Comics

Issue by Issue – Kamandi: The Last Boy on Earth #6

Kamandi #6Writer – Jack Kirby
Artist – Jack Kirby
Inker – Mike Royer

After being set free by the Tigers, thanks to Prince Tuftan that is, Kamandi and Flower are on their way towards the unknown, hopefully to find some of their people and maybe a little peace. Of course, fate has something else in mind for our hero and his new-found friend as they are ambushed by some bikers. While Kamandi is able to defend himself, there are simply too many of them and he and Flower are soon overwhelmed and knocked unconscious. Jack Kirby brings the excitement once again and he puts Kamandi in a situation that seems idyllic and yet, no matter where Kamandi goes in this new world, there is always danger to be had. Right now, he and Flower are in a wildlife preserve, humans being the wildlife and while all seems fine, poachers have made their way in looking to bag a bit of game. It is soon made apparent that Kamandi and Flower are their targets, only they never expected Kamandi to be as resourceful as he is and though in the end the Puma’s are defeated with a little help from the Lions that run the reserve, Flower pays the ultimate price and Kamandi is alone once more. Kirby has more often than not, delivered some very fast-paced and action-packed stories, very rarely delving into anything that one would call emotional. There was a moment where Kamandi’s grandfather was murdered and while devastating to our hero, he seemed to be over it in no amount of time. Here, the death of Flower seems to have really hit home and when coupled with that first traumatic experience, Kamandi looks to be taking it really hard. There is also the fact that Flower was of the opposite sex – Kamandi never having really met a human woman before this, or at the very least, one that could talk with him and one whom he could possibly see himself spending his life with. It is definitely a respite from all of the action that has been taking place and it is nice to see Kirby shifting gears a little bit to deliver some much needed characterization for the book’s protagonist. A strong issue on all fronts leading once more, into the unknown.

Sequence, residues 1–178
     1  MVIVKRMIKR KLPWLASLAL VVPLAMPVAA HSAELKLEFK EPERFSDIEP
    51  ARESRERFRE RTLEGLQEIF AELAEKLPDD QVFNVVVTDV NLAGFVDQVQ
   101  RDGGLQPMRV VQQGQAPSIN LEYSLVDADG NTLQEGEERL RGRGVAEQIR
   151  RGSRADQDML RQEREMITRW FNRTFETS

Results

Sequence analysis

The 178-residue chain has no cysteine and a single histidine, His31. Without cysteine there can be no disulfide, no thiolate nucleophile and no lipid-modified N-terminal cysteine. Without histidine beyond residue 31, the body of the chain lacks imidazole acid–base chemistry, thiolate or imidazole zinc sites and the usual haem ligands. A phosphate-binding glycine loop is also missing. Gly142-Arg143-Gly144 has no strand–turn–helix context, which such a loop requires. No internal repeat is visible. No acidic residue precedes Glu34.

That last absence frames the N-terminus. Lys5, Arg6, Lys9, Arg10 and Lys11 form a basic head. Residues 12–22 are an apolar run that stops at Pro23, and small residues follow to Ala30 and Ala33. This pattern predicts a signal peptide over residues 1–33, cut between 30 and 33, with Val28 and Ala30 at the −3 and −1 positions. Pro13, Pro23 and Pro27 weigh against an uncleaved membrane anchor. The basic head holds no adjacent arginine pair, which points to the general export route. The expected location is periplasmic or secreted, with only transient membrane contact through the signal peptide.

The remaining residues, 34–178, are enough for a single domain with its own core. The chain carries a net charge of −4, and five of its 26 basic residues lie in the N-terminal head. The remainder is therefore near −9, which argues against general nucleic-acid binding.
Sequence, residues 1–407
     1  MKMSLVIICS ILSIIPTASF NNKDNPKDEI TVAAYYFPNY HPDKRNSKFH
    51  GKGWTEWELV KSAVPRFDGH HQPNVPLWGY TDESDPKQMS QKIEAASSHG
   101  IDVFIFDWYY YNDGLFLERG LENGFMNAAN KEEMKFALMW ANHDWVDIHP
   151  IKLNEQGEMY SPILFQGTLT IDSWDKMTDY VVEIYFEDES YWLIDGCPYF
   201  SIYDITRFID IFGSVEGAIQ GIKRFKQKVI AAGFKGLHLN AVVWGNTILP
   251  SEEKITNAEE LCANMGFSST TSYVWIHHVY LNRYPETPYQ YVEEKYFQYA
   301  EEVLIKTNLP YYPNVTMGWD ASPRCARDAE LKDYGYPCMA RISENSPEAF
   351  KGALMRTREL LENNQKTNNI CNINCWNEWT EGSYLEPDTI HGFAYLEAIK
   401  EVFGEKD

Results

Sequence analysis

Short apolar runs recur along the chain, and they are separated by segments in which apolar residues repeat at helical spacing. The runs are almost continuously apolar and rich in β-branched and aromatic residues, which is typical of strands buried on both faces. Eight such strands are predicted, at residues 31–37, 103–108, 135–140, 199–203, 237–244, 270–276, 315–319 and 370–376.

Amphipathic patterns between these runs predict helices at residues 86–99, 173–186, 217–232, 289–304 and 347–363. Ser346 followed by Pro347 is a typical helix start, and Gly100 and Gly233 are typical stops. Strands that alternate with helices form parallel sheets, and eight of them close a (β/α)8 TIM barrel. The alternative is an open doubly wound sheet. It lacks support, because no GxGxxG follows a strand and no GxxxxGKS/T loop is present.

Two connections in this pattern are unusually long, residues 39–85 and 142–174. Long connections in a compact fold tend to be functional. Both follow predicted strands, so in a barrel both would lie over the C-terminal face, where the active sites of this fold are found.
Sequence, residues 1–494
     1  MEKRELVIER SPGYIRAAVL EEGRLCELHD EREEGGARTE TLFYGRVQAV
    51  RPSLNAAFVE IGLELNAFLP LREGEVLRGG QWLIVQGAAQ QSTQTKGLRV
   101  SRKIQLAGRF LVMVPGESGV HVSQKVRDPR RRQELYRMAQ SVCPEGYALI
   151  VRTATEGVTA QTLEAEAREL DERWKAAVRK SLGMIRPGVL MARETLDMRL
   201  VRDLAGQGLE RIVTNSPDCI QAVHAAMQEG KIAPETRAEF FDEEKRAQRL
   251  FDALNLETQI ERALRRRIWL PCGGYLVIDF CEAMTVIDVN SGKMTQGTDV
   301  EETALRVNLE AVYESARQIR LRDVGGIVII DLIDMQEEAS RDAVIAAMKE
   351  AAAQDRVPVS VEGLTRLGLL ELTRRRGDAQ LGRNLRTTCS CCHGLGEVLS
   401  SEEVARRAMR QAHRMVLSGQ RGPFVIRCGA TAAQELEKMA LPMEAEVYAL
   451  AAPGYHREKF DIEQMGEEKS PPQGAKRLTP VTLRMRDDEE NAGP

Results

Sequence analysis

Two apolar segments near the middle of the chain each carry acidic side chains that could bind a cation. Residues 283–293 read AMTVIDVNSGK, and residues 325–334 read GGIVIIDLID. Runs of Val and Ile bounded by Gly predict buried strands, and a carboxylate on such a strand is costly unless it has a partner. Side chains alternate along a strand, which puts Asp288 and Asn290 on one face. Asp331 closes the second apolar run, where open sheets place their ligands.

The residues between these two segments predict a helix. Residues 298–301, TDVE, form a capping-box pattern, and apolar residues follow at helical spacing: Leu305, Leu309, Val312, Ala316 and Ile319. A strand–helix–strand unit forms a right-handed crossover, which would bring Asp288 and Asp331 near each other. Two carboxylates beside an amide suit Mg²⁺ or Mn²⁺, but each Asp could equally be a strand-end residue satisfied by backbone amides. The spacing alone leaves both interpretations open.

4 out of 5

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